A week after hitting a new pandemic low, new unemployment claims are back on the rise.
Another 719,000 Americans filed their initial claims for unemployment benefits last week, an increase of 61,000 from the previous week’s revised number.
The good news: The four-week rolling average of claims, a good measure of the overall unemployment market, also sat at 719,000, the lowest it’s been since the start of the coronavirus pandemic. Last year at this time, the number of Americans filing new claims was shooting toward its peak, as layoffs hit the labor force.
Overall, for the week ending March 13, there were 18.2 million Americans receiving some form of unemployment benefits, a decrease from the previous week but still up from 2.1 million year over year.
In Florida, the number of new jobless claims reported to the U.S. Department of Labor last week dropped to 11,700, a number that is likely to be adjusted upward next week, but still represents a low during the pandemic. To date, Florida’s Department of Employment Opportunity has shepherded $25.1 billion to 2.3 million residents, about 80 percent of that in federal relief.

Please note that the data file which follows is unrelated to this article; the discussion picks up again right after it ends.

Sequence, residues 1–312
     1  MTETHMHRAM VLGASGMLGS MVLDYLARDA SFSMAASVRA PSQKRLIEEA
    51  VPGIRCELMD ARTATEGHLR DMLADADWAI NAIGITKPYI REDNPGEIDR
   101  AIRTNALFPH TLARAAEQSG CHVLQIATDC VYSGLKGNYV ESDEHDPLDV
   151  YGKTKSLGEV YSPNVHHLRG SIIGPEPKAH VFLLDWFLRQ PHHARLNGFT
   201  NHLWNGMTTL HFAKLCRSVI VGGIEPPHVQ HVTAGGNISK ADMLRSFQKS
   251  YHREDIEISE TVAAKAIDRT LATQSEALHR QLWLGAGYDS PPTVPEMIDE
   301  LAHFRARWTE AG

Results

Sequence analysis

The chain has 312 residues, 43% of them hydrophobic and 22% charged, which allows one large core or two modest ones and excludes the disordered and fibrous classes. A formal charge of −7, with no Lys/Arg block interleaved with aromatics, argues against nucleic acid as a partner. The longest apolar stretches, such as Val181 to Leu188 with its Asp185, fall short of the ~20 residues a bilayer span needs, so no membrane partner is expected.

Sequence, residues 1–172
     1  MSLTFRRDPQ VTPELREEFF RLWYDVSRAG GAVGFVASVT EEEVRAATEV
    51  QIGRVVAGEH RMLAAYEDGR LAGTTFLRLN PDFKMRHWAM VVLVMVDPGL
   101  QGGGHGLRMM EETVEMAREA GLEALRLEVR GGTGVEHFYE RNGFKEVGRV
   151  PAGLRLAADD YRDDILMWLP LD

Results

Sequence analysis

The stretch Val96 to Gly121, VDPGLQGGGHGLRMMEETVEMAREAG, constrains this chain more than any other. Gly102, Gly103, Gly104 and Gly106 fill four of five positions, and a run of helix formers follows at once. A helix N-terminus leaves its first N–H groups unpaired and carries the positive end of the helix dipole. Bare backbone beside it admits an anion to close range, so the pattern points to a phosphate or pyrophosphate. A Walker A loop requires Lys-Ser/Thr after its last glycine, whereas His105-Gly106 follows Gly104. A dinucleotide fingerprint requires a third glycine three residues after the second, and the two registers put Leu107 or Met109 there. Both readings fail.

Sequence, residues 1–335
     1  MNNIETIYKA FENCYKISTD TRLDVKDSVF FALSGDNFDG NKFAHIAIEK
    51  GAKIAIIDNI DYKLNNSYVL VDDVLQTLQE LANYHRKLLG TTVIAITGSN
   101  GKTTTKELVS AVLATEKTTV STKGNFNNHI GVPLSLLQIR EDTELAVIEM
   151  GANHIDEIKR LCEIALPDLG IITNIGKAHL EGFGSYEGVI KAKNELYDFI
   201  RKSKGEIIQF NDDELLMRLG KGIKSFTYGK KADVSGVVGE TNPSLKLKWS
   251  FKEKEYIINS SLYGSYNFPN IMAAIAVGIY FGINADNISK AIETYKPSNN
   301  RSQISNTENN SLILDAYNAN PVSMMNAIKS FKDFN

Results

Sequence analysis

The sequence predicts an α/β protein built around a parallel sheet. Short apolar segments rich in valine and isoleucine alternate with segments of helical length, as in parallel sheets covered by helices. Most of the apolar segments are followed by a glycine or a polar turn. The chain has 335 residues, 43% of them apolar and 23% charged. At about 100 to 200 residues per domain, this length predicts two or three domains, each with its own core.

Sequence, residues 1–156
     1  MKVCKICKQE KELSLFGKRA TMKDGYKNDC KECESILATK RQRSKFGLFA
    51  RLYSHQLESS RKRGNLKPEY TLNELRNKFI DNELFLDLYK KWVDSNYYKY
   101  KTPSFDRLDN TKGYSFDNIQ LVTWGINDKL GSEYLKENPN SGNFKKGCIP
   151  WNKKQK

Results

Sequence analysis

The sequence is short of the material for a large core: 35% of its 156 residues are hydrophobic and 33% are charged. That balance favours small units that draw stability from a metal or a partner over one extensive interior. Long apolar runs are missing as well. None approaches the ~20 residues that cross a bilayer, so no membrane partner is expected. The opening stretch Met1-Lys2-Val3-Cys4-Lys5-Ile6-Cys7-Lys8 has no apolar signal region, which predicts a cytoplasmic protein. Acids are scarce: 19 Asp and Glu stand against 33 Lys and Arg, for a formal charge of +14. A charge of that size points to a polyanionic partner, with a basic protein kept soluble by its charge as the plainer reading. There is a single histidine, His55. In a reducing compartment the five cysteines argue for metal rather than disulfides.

Florida on Thursday saw the arrival of another new “quarter change,” a wrinkle that requires users to log into its unemployment system, CONNECT, and answer a few questions affirming that they meet the state’s requirements to receive unemployment insurance. Depending on your work history during 2020, you may have to reapply for state insurance.
Completing the quarter change enables workers to continue getting federal aid like Pandemic Unemployment Assistance, which covers gig workers and the self-employed; and Pandemic Emergency Unemployment Compensation, which extends one’s benefit eligibility window.
This week, state lawmakers took the first steps toward approving an increase in the weekly maximum for state unemployment from $275 to $375. It must still pass through several committees as well as the state House and Senate before Gov. Ron DeSantis can sign it into law.